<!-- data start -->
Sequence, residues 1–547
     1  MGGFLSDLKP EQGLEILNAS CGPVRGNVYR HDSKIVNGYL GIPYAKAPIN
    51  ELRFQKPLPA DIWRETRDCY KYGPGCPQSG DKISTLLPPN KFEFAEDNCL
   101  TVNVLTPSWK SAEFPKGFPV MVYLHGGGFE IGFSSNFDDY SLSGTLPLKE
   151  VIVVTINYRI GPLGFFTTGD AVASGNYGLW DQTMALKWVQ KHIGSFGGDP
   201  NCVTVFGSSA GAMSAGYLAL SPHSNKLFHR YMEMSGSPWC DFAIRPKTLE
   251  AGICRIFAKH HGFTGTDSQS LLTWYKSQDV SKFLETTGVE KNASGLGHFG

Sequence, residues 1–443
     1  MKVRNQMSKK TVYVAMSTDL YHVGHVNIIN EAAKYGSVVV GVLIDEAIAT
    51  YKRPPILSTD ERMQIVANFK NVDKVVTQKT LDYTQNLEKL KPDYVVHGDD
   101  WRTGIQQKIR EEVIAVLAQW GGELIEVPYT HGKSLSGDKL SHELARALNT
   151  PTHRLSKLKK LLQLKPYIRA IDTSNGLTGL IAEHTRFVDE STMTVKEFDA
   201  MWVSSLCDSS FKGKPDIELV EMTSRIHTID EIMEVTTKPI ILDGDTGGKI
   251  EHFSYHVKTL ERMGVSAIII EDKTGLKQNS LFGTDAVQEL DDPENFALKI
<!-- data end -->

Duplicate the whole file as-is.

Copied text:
Sequence, residues 1–547
     1  MGGFLSDLKP EQGLEILNAS CGPVRGNVYR HDSKIVNGYL GIPYAKAPIN
    51  ELRFQKPLPA DIWRETRDCY KYGPGCPQSG DKISTLLPPN KFEFAEDNCL
   101  TVNVLTPSWK SAEFPKGFPV MVYLHGGGFE IGFSSNFDDY SLSGTLPLKE
   151  VIVVTINYRI GPLGFFTTGD AVASGNYGLW DQTMALKWVQ KHIGSFGGDP
   201  NCVTVFGSSA GAMSAGYLAL SPHSNKLFHR YMEMSGSPWC DFAIRPKTLE
   251  AGICRIFAKH HGFTGTDSQS LLTWYKSQDV SKFLETTGVE KNASGLGHFG

Sequence, residues 1–443
     1  MKVRNQMSKK TVYVAMSTDL YHVGHVNIIN EAAKYGSVVV GVLIDEAIAT
    51  YKRPPILSTD ERMQIVANFK NVDKVVTQKT LDYTQNLEKL KPDYVVHGDD
   101  WRTGIQQKIR EEVIAVLAQW GGELIEVPYT HGKSLSGDKL SHELARALNT
   151  PTHRLSKLKK LLQLKPYIRA IDTSNGLTGL IAEHTRFVDE STMTVKEFDA
   201  MWVSSLCDSS FKGKPDIELV EMTSRIHTID EIMEVTTKPI ILDGDTGGKI
   251  EHFSYHVKTL ERMGVSAIII EDKTGLKQNS LFGTDAVQEL DDPENFALKI